René Caussé, IRCAM, France: Acoustics and contemporary music (revisited)
Oct 17, 2013
from 04:30 PM to 06:00 PM
|Where||Tanna Schulich Hall, New Music Building, 527 Sherbrooke Street West.|
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The wine and cheese reception following the lecture will take place in room A832 & A833 (8th floor of the New Music Building).
“Contemporary music needs new sounds: it can hope to get through a novel use of existing instruments, with changes, or due to the invention of new instruments." This phrase is taken from a paper co-written by Jean Kergomard and myself for the round table discussion on Acoustics and Contemporary Music held on July 1983 for the 11th International Congress on Acoustics in Paris. The contributions of other participants (Pierre Boulez, Michèle Castellengo, William Hartmann, Jean-Claude Risset) gave rise to a number of questions, some of which have been contributed later for my research (micro-intervals on woodwind instruments, production of brass multi-phonics sounds, taking into account the radiation of sources in sound reproduction technique) and have also guided applications (re-conception of musical instruments partially or fully, taking advantage of the latest advances in research and technology). At the time, very little was discussed regarding sound synthesis, which was still in its early stages.
Thirty years later, the CIRMMT Distinguished Lecture gives me the opportunity to re-examine some topics discussed at that round table, now further developed in light of fruitful exchanges with my colleagues, scientists and musicians, over the past thirty years at IRCAM.
ABOUT RENÉ CAUSSÉ:
René Caussé is the director of the musical acoustics group at IRCAM. He received a Doctorate of Speciality in signal processing from Toulouse University in 1976 on noise dosimetry. He has studied piano and percussion, and his musical experience as a member of Toulouse Symphony Orchestra was at the heart of his choice to combine science with artistic applications. He subsequently worked in a laboratory of metrology and instrumentation in Toulouse and joined IRCAM in 1978. He was awarded a Doctorate of Sciences from Le Mans University in 1992, working under the direction of Gabriel Weinreich on an electronic string bowing system.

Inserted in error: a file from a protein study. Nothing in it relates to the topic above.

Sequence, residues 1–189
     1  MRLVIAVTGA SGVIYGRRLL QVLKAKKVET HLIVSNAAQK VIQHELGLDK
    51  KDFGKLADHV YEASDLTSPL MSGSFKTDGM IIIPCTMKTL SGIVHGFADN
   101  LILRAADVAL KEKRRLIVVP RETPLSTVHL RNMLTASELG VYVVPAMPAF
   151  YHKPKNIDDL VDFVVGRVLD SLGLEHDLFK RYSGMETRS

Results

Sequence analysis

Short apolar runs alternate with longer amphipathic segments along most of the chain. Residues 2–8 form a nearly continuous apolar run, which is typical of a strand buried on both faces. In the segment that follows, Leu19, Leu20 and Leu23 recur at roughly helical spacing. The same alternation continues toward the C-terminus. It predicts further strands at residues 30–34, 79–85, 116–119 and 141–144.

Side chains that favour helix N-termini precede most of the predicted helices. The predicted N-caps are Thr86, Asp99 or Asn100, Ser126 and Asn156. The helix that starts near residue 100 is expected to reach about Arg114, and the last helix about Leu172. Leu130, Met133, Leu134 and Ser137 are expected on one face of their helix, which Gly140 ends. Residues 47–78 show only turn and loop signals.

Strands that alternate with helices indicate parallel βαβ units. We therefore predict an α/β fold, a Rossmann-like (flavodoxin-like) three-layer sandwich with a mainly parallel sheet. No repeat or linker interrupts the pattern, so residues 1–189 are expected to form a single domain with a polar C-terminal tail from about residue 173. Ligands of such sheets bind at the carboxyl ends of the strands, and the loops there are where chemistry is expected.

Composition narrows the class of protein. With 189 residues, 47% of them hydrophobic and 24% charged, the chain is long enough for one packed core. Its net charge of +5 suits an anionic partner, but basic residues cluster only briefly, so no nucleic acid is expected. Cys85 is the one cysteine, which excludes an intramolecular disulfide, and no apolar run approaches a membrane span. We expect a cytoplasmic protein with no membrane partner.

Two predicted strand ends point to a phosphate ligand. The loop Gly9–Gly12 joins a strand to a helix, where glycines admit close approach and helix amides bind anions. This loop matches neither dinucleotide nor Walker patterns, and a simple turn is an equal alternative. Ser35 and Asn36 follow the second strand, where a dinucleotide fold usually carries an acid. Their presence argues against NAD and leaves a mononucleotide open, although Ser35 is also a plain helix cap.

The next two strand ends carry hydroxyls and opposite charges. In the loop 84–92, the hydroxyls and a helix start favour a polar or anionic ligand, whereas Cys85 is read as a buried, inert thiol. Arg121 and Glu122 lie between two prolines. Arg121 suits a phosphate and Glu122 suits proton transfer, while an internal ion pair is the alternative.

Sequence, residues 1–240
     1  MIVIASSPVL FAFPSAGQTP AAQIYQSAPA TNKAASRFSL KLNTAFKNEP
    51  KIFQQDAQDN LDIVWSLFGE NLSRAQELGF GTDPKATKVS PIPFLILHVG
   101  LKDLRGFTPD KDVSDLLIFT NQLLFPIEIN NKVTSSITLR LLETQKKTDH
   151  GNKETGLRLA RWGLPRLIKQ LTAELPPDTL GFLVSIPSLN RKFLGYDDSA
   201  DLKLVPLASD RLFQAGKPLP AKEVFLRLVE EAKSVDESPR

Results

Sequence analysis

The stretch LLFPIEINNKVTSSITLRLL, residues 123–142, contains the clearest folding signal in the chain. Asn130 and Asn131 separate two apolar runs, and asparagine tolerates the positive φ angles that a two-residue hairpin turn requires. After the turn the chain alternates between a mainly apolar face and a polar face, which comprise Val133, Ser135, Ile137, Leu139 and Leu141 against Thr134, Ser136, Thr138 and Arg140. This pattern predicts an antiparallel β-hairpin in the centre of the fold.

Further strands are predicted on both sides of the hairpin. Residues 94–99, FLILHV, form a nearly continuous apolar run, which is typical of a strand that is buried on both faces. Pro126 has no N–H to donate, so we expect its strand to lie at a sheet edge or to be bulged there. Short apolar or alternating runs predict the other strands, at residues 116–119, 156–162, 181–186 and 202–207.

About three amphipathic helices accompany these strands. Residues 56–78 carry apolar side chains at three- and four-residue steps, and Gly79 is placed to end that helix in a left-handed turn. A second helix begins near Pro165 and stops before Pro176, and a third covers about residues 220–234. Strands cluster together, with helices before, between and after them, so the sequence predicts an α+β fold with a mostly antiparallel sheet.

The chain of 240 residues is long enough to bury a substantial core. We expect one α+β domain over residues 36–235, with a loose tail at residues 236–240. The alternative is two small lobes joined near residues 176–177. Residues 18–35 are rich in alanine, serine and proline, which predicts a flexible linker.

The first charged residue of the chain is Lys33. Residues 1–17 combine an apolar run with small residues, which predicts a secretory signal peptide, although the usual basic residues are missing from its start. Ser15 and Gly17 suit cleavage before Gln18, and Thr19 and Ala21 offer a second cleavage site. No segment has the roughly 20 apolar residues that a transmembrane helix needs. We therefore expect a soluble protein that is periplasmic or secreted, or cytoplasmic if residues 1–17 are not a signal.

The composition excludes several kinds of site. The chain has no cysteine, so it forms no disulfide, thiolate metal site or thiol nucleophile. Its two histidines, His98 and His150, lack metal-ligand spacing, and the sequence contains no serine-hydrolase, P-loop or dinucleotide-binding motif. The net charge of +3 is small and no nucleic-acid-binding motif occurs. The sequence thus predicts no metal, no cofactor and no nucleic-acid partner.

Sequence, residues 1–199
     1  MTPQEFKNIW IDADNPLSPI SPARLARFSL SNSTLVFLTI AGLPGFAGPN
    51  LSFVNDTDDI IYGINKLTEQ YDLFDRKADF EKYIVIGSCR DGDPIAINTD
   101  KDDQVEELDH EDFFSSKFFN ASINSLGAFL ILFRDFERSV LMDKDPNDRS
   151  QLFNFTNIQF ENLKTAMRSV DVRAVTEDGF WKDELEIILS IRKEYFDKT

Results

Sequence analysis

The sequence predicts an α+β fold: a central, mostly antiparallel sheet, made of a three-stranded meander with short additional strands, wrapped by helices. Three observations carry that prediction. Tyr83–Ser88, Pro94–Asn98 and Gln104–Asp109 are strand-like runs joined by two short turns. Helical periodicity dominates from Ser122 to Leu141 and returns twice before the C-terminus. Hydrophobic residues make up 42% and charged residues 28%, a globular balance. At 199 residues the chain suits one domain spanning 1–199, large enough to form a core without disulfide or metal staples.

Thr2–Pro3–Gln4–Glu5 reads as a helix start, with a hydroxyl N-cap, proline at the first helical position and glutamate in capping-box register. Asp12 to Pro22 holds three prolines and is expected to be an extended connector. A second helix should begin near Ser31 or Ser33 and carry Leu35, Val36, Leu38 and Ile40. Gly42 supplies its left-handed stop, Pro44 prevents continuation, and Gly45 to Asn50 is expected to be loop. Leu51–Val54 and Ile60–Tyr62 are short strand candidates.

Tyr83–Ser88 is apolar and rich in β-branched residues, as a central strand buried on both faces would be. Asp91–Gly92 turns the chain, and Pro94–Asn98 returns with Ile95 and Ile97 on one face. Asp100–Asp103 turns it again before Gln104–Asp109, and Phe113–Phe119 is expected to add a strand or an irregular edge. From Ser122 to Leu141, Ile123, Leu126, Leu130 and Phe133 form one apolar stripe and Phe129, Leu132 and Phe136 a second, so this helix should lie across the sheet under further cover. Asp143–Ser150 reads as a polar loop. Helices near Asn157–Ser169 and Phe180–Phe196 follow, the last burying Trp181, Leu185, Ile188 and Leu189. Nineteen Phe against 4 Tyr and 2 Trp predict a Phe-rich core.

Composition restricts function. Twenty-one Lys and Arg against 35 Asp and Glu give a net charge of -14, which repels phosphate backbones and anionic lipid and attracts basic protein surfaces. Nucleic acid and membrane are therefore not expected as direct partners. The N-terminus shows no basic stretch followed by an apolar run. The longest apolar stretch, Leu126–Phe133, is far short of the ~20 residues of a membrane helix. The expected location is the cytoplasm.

His main interest is concerned with acoustics of musical instruments, whatever their geographical origin, from various aspects: oscillation, radiation, quality of instruments and in innovative applications for contemporary music such as extending possibilities of traditional instruments, creating new sounds by using synthesis from physical principle, or controlling radiation reproduction of sound sources with multi-loudspeaker system.
He is a member of the French Acoustical Society (SFA), of the European Acoustics Association (EAA) and a Fellow of the Acoustical Society of America. For over twelve years, he has hosted a teaching activity on the relationship between research in acoustics and contemporary music at the Ecole Centrale de Paris.